|1975 National Football League season|
|Duration||September 21 – December 21, 1975|
|Start date||December 27, 1975|
|AFC Champions||Pittsburgh Steelers|
|NFC Champions||Dallas Cowboys|
|Super Bowl X|
|Date||January 18, 1976|
|Site||Miami Orange Bowl, Miami, Florida|
|Date||January 26, 1976|
| National Football League seasons
- The surviving clubs with the best regular season records were made the home teams for each playoff round. Previously, game sites rotated by division.
- The league pioneered the use of equipping American football referees with wireless microphones to announce penalties and clarify complex and/or unusual rulings to both fans and the media.
Instead of a traditional Thanksgiving Day game hosted by the Dallas Cowboys, the league scheduled a Buffalo Bills at St. Louis Cardinals contest. This would be the first season since 1966 that the Cowboys did not play on that holiday.
Major rule changesEdit
- After a fourth down incomplete pass goes in or through the end zone, the other team will take possession at the previous line of scrimmage. Previously, it resulted in a touchback.
- The penalty for pass interference on the offensive team is reduced from 15 yards to 10.
- If there are fouls by both teams on the same play but one results in a player ejection, the penalties will still offset but the player will still be ejected.
Starting in 1970, and until 2002, there were three divisions (Eastern, Central and Western) in each conference. The winners of each division, and a fourth "wild card" team based on the best non-division winner, qualified for the playoffs. The tiebreaker rules were changed to start with head-to-head competition, followed by division records, common opponents' records, and conference play.
National Football Conference
|1||4 teams||1–0–0||Tie: (Det, Min)||1–0–0||4 teams||0–1–0||4 teams||1–0–0|
|2||Tie: (Dal, Was)||2–0–0||Tie: (Det, Min)||2–0–0||Los Angeles||1–1–0||2 teams||2–0–0|
|3||Dallas||3–0–0||Minnesota||3–0–0||Los Angeles||2–1–0||3 teams||2–1–0|
|4||Dallas||4–0–0||Minnesota||4–0–0||Los Angeles||3–1–0||Tie: (Was, Det)||3–1–0|
|5||Dallas||4–1–0||Minnesota||5–0–0||Los Angeles||4–1–0||Tie: (StL, Det)||4–1–0|
|8||Washington*||6–2–0||Minnesota||8–0–0||Los Angeles||6–2–0||St. Louis||6–2–0|
|9||St. Louis||7–2–0||Minnesota||9–0–0||Los Angeles||7–2–0||Dal, Det, Was||6–3–0|
|10||St. Louis||8–2–0||Minnesota||10–0–0||Los Angeles||8–2–0||Dallas||7–3–0|
|11||Dallas*||8–3–0||Minnesota||10–1–0||Los Angeles||9–2–0||St. Louis||8–3–0|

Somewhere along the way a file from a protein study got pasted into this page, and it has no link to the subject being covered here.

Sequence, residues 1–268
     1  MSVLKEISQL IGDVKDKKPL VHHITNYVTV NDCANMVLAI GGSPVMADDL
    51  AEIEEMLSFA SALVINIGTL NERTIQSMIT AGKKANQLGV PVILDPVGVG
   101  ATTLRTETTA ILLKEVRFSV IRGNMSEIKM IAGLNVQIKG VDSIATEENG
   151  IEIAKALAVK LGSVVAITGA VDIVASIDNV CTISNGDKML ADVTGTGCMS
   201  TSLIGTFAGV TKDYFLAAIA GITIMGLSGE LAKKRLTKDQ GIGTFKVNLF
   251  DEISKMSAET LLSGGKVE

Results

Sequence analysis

|12||St. Louis||9–3–0||Minnesota||11–1–0||Los Angeles||10–2–0||Dallas||8–4–0|
|13||St. Louis||10–3–0||Minnesota||11–2–0||Los Angeles||11–2–0||Dallas||9–4–0|
|14||St. Louis||11–3–0||Minnesota||12–2–0||Los Angeles||12–2–0||Dallas||10–4–0|
American Football Conference
|1||Tie: (Bal, Buf)||1–0–0||3 teams||1–0–0||Tie: (Den, Oak)||1–0–0||4 teams||1–0–0|
|2||Buffalo||2–0–0||Tie: (Cin, Hou)||2–0–0||Tie: (Den, Oak)||2–0–0||2 teams||2–0–0|
W = Wins, L = Losses, T = Ties, PCT = Winning Percentage, PF= Points For, PA = Points Against
wild card berth, – clinched division title– clinched
|New York Jets||3||11||0||.214||258||433|
|New England Patriots||3||11||0||.214||258||358|
|Kansas City Chiefs||5||9||0||.357||282||341|
|San Diego Chargers||2||12||0||.143||189||345|
|y-St. Louis Cardinals||11||3||0||.786||356||276|
|New York Giants||5||9||0||.357||216||306|
|Green Bay Packers||4||10||0||.286||226||285|
|y-Los Angeles Rams||12||2||0||.857||312||135|
|San Francisco 49ers||5||9||0||.357||255||286|
|New Orleans Saints||2||12||0||.143||165||360|
- Baltimore finished ahead of Miami in the AFC East based on head-to-head sweep (2–0).
- N.Y. Jets finished ahead of New England in the AFC East based on head-to-head sweep (2–0).
- Minnesota was the top NFC playoff seed based on point rating system (Vikings were 1st in NFC in points scored and 2nd in NFC in points allowed for a combined rating of 3 while Rams were 5th in NFC in points scored and 1st in NFC in points allowed for a combined rating of 6).
- Chicago finished ahead of Green Bay in the NFC Central based on better division record (2–4 to Packers' 1–5).
- Main article: 1975–76 NFL playoffs
|Divisional Playoffs||Conference Championship Games||Super Bowl X|
|December 28 – Metropolitan Stadium|
|4) Dallas Cowboys||17|
|January 4 – L.A. Memorial Coliseum|
|1) Minnesota Vikings||14|
|4) Dallas Cowboys||37|
|December 27 – L.A. Memorial Coliseum|
|2) Los Angeles Rams||7|
|3) St. Louis Cardinals||23|
|January 18 – Miami Orange Bowl|
|2) Los Angeles Rams||35|
|N4) Dallas Cowboys||17|
|December 28 – Oakland Coliseum|
|A1) Pittsburgh Steelers||21|
|4) Cincinnati Bengals||28|
|January 4 – Three Rivers Stadium|
|2)* Oakland Raiders||31|
|2) Oakland Raiders||10|
|December 27 – Three Rivers Stadium|
|1) Pittsburgh Steelers||16|
|3) Baltimore Colts||10|
|1)* Pittsburgh Steelers||28|
*Pittsburgh (the AFC 1 seed) did not play Cincinnati (the 4 seed) in the Divisional playoff round because both teams were in the same division.
|Most Valuable Player||Fran Tarkenton, Quarterback, Minnesota|
|Coach of the Year||Ted Marchibroda, Baltimore Colts|
|Offensive Player of the Year||Fran Tarkenton, Quarterback, Minnesota|
|Defensive Player of the Year||Mel Blount, Cornerback, Pittsburgh|
|Offensive Rookie of the Year||Mike Thomas, Running Back, Washington|
|Defensive Rookie of the Year||Robert Brazile, Linebacker, Houston Oilers|
- NFL Record and Fact Book (ISBN 1-932994-36-X)
- NFL History 1971–1980 (Last accessed December 4, 2005)
- 1975 season in details
- Total Football: The Official Encyclopedia of the National Football League (ISBN 0-06-270174-6)
Early Era (1920-1969)
|1920 • 1921 • 1922 • 1923 • 1924 • 1925 • 1926 • 1927 • 1928 • 1929|
|Modern Era (1970-present)|
|1970 • 1971 • 1972 • 1973 • 1974 • 1975 • 1976 • 1977 • 1978 • 1979|